Negative Spaces



If you look closely at the photographs, you could almost trace it with your finger.  As we raise our tequila–filled shot glasses and excitedly toast our new friendships, you must look carefully to see it.  Between the lines of our arms, where our sleeves roll back toward our shoulders and our watches slip around our wrists, you have to squint to pull it into focus.  There, in the negative space of a seemingly shallow tradition, in the background of what is quite obvious, is the outline of something more honest.  In that gap between our physical forms, darkened by shadows and secrets, is the place where our lives intersect.

The shapes blur in and out of focus, but if you colored them in with a pencil, they’d look like groceries bags full of heartache and laundry baskets overflowing with laughter.  The moment I loop my arm around my new friend, a photo is snapped.  The shape of a boat (a life raft?) appears between our torsos.  When another of us doubles over in laughter, a hand is placed upon her shoulder.  In that negative space between their touching forms are the images of a favorite dog, a broken promise, and one hundred snowy Christmas mornings.  We really barely know each other.  Yet at any place where we physically connect, the negative spaces tell our truths.

You’ll never appreciate a negative space unless you have the courage to create it and the patience to let it appear.   It develops between our consciousness and our collectiveness, along the links that form a human chain.  The spaces fill up and break apart like oil rolling through water, providing just enough buoyancy to allow us to rest shoulder to shoulder in a crowded elevator, or stagger arm in arm along a cobblestone sidewalk… or even, if you’re lucky like me, drift down the aisle holding hands with your handsome forever and always.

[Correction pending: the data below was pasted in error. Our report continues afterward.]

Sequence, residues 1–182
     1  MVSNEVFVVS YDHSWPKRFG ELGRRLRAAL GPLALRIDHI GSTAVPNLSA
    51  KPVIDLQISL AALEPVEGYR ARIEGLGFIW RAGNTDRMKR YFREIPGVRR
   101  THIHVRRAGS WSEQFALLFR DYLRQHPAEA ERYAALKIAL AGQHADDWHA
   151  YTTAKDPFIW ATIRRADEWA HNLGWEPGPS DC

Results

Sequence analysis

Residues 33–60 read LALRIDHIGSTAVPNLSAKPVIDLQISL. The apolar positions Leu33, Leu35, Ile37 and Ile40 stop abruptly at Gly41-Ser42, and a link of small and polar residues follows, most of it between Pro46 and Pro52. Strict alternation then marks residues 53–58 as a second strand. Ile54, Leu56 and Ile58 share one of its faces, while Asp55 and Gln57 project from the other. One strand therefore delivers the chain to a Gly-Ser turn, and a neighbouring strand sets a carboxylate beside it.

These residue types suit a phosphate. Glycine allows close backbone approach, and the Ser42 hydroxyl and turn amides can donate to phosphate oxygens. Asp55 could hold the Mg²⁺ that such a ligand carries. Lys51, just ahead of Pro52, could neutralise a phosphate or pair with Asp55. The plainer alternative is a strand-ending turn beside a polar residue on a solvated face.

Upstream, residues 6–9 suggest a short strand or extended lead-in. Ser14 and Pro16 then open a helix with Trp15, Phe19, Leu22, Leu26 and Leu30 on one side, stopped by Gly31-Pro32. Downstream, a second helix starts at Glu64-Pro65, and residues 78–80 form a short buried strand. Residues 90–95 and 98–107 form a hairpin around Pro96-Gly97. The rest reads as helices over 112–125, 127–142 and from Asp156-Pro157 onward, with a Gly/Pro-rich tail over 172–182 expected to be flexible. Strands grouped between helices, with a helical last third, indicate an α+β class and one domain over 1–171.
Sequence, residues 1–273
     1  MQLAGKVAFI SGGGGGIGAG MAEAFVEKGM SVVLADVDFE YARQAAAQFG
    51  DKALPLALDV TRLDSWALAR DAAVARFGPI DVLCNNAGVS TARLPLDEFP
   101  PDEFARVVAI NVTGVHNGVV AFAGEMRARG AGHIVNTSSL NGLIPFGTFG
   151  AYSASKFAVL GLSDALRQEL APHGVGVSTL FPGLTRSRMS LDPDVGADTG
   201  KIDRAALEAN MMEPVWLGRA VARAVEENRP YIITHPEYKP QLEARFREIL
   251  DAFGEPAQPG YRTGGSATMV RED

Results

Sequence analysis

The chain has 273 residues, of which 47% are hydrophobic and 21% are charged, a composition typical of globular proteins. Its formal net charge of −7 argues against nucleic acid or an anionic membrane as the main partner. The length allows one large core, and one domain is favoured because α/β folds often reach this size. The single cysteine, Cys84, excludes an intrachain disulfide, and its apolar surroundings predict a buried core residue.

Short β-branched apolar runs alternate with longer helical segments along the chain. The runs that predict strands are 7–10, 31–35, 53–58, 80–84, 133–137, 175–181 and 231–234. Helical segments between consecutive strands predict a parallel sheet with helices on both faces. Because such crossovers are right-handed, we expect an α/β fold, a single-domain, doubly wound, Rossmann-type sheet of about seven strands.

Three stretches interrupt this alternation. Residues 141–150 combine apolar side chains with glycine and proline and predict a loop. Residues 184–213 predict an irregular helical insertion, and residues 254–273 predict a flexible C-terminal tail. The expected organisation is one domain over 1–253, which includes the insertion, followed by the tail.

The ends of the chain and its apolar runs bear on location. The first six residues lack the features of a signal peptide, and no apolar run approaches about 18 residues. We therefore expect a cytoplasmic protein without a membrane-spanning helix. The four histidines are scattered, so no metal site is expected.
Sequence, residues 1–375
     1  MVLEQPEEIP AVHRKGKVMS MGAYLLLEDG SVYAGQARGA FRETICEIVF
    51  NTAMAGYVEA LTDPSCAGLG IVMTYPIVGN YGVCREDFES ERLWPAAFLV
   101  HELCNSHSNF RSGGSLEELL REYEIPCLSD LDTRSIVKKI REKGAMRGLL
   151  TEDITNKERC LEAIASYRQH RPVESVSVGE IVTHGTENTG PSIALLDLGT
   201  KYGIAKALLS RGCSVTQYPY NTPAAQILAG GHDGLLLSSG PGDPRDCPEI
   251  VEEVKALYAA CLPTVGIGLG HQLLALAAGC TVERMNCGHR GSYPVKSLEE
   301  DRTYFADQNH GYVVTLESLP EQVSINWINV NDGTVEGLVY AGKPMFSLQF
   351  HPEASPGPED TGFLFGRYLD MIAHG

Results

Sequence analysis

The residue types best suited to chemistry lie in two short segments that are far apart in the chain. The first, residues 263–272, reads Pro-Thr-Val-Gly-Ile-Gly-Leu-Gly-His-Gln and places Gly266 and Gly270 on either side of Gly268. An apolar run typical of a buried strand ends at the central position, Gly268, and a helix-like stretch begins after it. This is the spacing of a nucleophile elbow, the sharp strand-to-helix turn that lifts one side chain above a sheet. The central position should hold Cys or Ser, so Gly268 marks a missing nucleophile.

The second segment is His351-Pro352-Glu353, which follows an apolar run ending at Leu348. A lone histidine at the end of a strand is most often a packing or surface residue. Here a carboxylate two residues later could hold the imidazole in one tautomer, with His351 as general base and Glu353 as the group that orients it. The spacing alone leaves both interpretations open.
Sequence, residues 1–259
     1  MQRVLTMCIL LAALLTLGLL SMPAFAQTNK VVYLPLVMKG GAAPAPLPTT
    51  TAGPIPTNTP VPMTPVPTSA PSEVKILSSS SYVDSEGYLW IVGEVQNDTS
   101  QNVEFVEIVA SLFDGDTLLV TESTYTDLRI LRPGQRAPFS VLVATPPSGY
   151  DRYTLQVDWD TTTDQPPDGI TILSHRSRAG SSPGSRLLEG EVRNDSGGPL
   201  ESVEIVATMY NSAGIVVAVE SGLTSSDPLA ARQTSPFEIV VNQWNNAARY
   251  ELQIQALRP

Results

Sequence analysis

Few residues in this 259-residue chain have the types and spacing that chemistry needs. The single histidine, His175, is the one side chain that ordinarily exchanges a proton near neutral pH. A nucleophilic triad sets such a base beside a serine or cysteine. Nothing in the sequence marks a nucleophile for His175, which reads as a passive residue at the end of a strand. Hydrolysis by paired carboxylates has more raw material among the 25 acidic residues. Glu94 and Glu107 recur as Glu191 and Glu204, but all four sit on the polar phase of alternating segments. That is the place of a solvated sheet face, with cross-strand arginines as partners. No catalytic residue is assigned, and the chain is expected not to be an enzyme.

As soon as I got home, I looked for him.  I needed to feel the negative space between us, the one that appears as an hourglass when I’m wrapped up in his arms.  The tighter we hug, the more we squeeze the funnel shut- and I imagine that we’re beating the system, having hedged our bets long ago that the sands would pass too slowly for us to ever notice.

But I do notice, and I see now how much it all matters- every physical connection, every human link, every negative space- they all create the continuum of our existence.  And these precious moments are temporary, ever changing, and hard to recreate.

Man, that was some really good tequila.




posted by sue in Missing Miami and have No Comments